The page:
Researchers in a new study have put actual dollar figures on economic harm caused by the countries most responsible for the climate crisis, and the ground-breaking data could serve as a starting point for legal action against the world’s wealthiest nations.
The Dartmouth College study found that just five of the world’s top emitters of planet-warming gases – the United States, China, Russia, India, and Brazil – caused around a $6 trillion loss in gross domestic product from 1990 to 2014, adjusted for 2010 dollars, or about 11% of total global GDP.
The study’s authors said this is the first time scientists have connected the dots between one country’s fossil fuel emissions and the economic harm those emissions have done to other countries.
“Before our work we had a pretty good idea of the economic effect of global warming. The problem is, that is not sufficient to provide an understanding of how culpable individual actors are,” said Christopher Callahan, a PhD candidate at Dartmouth College and co-author of the study.
Callahan said the new work puts “numbers to it, drawing out specifically what [a country’s] contribution has been.”
US Climate Envoy John Kerry’s office did not respond to CNN’s request for comment on the study. CNN has also reached out to China’s Ministry of Ecology and Environment for comment.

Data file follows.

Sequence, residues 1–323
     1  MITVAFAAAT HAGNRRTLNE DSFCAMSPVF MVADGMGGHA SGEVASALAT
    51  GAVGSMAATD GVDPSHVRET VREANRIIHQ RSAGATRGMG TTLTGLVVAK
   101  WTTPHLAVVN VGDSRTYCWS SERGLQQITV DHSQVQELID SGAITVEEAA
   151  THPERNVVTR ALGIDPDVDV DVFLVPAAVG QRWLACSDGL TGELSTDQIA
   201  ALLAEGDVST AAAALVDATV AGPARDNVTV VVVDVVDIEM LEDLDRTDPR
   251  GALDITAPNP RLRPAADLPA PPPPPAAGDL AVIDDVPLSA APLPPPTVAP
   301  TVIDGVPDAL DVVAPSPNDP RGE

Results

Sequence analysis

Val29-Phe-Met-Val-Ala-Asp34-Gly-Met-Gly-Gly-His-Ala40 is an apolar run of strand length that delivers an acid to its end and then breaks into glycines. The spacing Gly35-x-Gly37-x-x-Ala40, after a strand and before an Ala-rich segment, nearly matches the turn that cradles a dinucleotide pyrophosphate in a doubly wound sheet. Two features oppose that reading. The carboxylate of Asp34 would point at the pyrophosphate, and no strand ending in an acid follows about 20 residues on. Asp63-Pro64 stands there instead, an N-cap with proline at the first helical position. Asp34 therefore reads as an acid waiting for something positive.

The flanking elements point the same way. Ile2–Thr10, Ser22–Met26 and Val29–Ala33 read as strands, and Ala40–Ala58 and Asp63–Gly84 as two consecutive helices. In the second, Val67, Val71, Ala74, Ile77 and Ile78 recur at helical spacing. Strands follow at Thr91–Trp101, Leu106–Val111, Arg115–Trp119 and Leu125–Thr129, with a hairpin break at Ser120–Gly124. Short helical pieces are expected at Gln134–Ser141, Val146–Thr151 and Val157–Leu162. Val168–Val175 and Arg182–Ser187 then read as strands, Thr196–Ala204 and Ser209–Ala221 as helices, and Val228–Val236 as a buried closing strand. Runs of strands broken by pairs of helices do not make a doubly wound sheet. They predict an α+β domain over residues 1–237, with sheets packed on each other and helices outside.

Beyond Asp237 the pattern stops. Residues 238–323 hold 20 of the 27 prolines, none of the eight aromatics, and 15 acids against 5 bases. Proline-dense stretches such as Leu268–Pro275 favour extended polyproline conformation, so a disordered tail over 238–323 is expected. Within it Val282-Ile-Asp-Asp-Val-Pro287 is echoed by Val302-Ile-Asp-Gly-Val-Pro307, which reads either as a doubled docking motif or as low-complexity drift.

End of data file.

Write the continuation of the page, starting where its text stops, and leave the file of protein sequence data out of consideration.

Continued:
The scientists’ work could be a touch paper during negotiations leading up to and during the COP27 UN climate summit later this year in Egypt. An adequate resolution on so-called climate finance – funds for developing countries to adapt to the climate crisis and transition away from fossil fuels – has been elusive at past summits.
Even more controversial has been the idea of “loss and damage,” or payments from countries that have caused the most harm to those that have suffered the consequences.
The study’s authors and outside experts said it will ultimately be up to lawyers and politicians to decide what to do with these numbers. Loss and damage and climate finance are expected to loom large in discussions at COP27 in November. Vulnerable island nations that face rising seas and increasingly deadly extreme weather have become more vocal in recent years, sounding alarms about their urgent need to adapt and the responsibility bigger economies like the US, China and the European Union bear in the crisis.
“I think it could make a splash ahead of COP27,” said Taylor Dimsdale, the program director for risk and resilience at international climate think tank E3G. “Any discussion about responsibility is harder if you don’t have this kind of a model. Ultimately, these are political decisions.”
The damage done
The countries most responsible for the harm to poorer economies tend to be those that have burned the most fossil fuel and emitted the most planet-warming gas, the study shows. The US and China were far and away the largest emitters, according to the report, followed by Russia, India, and Brazil. (The EU is typically near the top of the global emitters list, but the study’s authors divided the EU up into single countries, rather than calculating it as a bloc.)
The countries that have been hurt the most by the world’s largest economies are predominantly in the Southern Hemisphere, the study shows, where the average temperature was already hot even before the climate crisis.
“One of the challenges is the abstraction that global warming presents. What is increasingly clear is that those impacts are not felt equally across the world,” said Justin Mankin, an assistant professor of geography at Dartmouth and a co-author of the study.
Bangladesh, for instance, is a low-elevation coastal country on the front lines of rising sea levels and the flooding that comes with it. It has also suffered from deadly extreme heat and humidity.